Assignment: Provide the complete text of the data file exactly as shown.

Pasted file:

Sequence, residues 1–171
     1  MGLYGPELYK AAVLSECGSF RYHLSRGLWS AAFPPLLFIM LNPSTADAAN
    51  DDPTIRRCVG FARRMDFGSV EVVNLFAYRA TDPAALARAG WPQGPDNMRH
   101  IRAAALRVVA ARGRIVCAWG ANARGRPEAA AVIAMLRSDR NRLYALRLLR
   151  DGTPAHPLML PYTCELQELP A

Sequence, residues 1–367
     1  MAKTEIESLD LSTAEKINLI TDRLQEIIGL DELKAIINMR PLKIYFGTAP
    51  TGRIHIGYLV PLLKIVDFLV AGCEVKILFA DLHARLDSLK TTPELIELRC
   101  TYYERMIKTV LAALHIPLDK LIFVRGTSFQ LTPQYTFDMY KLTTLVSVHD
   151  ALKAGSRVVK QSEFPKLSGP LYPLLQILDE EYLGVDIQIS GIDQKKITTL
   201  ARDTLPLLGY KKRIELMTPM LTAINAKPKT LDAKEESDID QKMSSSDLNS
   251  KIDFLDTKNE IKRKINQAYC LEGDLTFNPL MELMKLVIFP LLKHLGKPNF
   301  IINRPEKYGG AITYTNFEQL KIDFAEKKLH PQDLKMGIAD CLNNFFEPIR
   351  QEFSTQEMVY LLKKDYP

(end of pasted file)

Sequence, residues 1–171
     1  MGLYGPELYK AAVLSECGSF RYHLSRGLWS AAFPPLLFIM LNPSTADAAN
    51  DDPTIRRCVG FARRMDFGSV EVVNLFAYRA TDPAALARAG WPQGPDNMRH
   101  IRAAALRVVA ARGRIVCAWG ANARGRPEAA AVIAMLRSDR NRLYALRLLR
   151  DGTPAHPLML PYTCELQELP A

Sequence, residues 1–367
     1  MAKTEIESLD LSTAEKINLI TDRLQEIIGL DELKAIINMR PLKIYFGTAP
    51  TGRIHIGYLV PLLKIVDFLV AGCEVKILFA DLHARLDSLK TTPELIELRC
   101  TYYERMIKTV LAALHIPLDK LIFVRGTSFQ LTPQYTFDMY KLTTLVSVHD
   151  ALKAGSRVVK QSEFPKLSGP LYPLLQILDE EYLGVDIQIS GIDQKKITTL
   201  ARDTLPLLGY KKRIELMTPM LTAINAKPKT LDAKEESDID QKMSSSDLNS
   251  KIDFLDTKNE IKRKINQAYC LEGDLTFNPL MELMKLVIFP LLKHLGKPNF
   301  IINRPEKYGG AITYTNFEQL KIDFAEKKLH PQDLKMGIAD CLNNFFEPIR
   351  QEFSTQEMVY LLKKDYP